I asked if there was another example, and here one is.
abominable, a. (and adv.)
[…In med.L. and OFr., and in Eng. from Wyclif to 17th c., regularly spelt abhominable, and explained as ab homine, quasi ‘away from man, inhuman, beastly,’ a derivation which influenced the use and has permanently affected the meaning of the word. No other spelling occurs in the first folio of Shakespeare, which has the word 18 times; and in L.L.L. V. i. 27, Holophernes abhors the ‘rackers of ortagriphie,’ who were beginning to write abominable for the time-honoured abhominable.]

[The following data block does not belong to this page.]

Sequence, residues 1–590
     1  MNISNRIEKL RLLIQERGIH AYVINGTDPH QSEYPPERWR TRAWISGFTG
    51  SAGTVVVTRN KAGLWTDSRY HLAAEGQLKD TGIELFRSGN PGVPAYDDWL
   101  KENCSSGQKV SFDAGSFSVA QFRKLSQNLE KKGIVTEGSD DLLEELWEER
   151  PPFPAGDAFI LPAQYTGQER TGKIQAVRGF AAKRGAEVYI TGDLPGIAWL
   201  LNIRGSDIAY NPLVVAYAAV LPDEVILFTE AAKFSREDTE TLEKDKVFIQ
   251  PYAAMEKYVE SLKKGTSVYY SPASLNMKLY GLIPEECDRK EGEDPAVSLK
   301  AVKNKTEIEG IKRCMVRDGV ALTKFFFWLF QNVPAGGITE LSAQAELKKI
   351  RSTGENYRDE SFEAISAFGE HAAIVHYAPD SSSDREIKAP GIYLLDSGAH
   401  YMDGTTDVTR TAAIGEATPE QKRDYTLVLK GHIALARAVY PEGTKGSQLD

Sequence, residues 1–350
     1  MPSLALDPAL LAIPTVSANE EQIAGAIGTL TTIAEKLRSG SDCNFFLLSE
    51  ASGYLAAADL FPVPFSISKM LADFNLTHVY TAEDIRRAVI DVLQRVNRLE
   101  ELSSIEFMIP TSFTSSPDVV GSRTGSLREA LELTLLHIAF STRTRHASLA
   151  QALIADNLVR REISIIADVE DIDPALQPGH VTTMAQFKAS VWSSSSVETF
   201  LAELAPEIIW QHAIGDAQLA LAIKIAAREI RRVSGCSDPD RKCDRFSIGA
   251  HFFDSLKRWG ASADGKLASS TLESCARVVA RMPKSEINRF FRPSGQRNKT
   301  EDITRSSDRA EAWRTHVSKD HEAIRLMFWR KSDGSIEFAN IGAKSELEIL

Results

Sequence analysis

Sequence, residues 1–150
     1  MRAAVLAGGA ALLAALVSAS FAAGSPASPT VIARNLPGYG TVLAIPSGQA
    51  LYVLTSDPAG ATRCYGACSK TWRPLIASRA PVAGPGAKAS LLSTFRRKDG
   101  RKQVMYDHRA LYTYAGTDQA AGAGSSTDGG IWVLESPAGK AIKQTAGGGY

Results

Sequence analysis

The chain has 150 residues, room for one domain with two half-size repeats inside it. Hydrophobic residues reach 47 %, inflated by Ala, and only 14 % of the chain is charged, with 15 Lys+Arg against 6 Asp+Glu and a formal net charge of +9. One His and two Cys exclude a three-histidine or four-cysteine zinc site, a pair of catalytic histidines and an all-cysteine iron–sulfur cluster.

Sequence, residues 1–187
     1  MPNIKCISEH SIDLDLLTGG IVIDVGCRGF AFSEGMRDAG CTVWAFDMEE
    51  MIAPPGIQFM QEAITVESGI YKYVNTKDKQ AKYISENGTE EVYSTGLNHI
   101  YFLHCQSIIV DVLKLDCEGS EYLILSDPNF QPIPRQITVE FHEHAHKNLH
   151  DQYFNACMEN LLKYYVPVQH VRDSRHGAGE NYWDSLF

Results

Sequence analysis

1. Exciting disgust and hatred, generally by evident ill qualities, physical or moral; offensive, loathsome; odious, execrable, detestable. a. Of things.
b. Of persons.
c. Abominable Snowman, name applied to a creature alleged to exist in the Himalayas. (Cf. YETI.)
2. loosely. Very unpleasant or distasteful.
B. as adv.
¶ABOMINABLE has occasionally been used, like terrible, prodigious, as a simple intensive. Juliana Berners (15th c.) writes of ‘a bomynable syght of monks,’ i.e. a large company. Cf. ABOMINATION 5 and ABOMINATIONLY.